AFP Arrest Suspects Who Laundered $4.7M through Pokies Venue
- Three people arrested for running scam on a pokies venue in Melbourne
- The suspects laundered $4.7 million by buying winning cheques from patrons at a Springvale pokies venue
- The VGCCC warned gambling operators that the agency is watching them closely
Australian Federal Police (AFP) have arrested three individuals who are allegedly part of a Melbourne crime syndicate that laundered millions of dollars in illicit money by buying winnings from punters.
The money laundering activity took place at a pokies venue in Springvale where winning cheques from electronic slot machines were exchanged for cash. The gaming venue would then issue the cheques in the name of a syndicate member. The criminals would later deposit the funds into a bank and declare them as legitimate gambling winnings. They were allegedly able to launder $4.7 million in illicit cash through the scheme.
Authorities raided the venue, alongside a home in Noble Park and another in Springvale South which resulted in the arrests of a 63-year-old man and two women aged 49 and 61. The raids yielded over $170,000 in cash and gold bullions. The three suspects could face 20 years in prison for money laundering charges.
The arrests were made following a 12-month investigation by the Australian Federal Police, assisted by the Victorian Gambling & Casino Control Commission (VGCCC), National Australia Bank and AUSTRAC.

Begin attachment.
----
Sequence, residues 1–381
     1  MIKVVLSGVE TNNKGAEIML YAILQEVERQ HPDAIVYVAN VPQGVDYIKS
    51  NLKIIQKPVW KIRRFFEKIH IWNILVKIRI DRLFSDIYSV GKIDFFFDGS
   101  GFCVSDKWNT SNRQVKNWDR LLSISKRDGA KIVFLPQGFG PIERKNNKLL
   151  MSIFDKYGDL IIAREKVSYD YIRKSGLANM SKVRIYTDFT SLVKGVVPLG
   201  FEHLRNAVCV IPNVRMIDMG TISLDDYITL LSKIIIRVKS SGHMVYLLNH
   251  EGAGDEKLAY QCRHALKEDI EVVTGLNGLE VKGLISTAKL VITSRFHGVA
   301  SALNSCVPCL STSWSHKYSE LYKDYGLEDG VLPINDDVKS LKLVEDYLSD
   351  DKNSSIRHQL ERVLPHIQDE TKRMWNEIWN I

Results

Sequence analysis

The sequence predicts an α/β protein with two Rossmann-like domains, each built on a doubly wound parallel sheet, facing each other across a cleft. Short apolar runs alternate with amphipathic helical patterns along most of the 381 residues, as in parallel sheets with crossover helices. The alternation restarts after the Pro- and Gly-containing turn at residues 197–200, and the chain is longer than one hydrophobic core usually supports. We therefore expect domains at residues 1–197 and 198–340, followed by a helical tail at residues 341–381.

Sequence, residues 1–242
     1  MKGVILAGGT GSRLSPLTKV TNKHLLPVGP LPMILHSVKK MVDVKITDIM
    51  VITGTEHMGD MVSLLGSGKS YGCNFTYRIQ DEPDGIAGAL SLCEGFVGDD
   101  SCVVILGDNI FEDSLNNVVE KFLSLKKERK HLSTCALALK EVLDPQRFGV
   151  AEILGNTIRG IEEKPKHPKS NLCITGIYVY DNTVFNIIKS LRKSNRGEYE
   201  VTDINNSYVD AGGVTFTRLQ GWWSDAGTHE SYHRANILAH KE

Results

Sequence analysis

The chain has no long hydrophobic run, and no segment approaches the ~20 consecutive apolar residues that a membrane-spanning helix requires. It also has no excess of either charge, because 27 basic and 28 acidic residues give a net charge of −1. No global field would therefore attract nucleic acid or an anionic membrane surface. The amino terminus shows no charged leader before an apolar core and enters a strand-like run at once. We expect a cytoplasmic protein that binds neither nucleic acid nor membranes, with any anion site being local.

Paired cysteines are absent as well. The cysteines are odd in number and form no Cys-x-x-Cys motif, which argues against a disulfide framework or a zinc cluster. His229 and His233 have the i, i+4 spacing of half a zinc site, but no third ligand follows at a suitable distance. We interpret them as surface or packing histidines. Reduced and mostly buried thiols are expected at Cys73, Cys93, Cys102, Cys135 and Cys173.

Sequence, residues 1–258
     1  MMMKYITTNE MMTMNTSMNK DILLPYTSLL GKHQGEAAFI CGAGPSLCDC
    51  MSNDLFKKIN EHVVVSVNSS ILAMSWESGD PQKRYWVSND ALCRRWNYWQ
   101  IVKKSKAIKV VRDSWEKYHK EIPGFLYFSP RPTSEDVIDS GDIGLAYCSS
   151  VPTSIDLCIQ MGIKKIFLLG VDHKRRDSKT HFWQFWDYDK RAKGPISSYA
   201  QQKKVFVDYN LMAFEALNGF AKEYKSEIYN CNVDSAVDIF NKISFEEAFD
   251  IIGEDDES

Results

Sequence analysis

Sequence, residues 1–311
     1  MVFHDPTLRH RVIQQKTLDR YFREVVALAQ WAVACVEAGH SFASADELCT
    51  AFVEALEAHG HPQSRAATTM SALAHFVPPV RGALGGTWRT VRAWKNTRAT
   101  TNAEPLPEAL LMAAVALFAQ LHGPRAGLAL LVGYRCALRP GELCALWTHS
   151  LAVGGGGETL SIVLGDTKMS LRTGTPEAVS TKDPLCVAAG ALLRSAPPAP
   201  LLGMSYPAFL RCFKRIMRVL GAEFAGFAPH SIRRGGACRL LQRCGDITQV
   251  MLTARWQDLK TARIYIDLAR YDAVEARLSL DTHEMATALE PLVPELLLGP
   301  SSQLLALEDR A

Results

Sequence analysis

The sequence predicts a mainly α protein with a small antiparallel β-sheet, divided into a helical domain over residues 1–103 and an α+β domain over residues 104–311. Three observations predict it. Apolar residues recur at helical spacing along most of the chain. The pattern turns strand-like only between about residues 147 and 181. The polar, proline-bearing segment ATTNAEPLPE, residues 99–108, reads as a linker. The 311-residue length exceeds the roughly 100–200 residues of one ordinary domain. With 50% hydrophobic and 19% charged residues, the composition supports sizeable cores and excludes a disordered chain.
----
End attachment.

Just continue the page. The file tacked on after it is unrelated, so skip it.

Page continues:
The probe centered on the Springvale gaming venue which was discovered to have issued an unusually high number of cheques since November 2021, with the majority of the cheques issued to select customers suspected to be involved in the illegal scheme. The practice continued up to June 2022.
Warning for Gaming Venues in Australia
Acting Assistant Commissioner with the Australian Federal Police Raegan Stewart said gaming venues should not deliberately ignore or tolerate criminal activity and must be aware that their establishments are a significant risk for money laundering activities.
The VGCCC is currently investigating whether the venue and its staff had breached the state’s gambling laws. If found guilty, the venue could be fined or have its license revoked.
The VGCCC conducted its own covert operations and spent ample time reviewing data and footage, according to CEO Annette Kimmitt. She said the latest money-laundering bust involving a gaming venue should serve as a warning to other gambling operators across Australia. Kimmitt said they will continue to watch the gambling industry closely and cooperate with relevant agencies to crack down on criminal activity.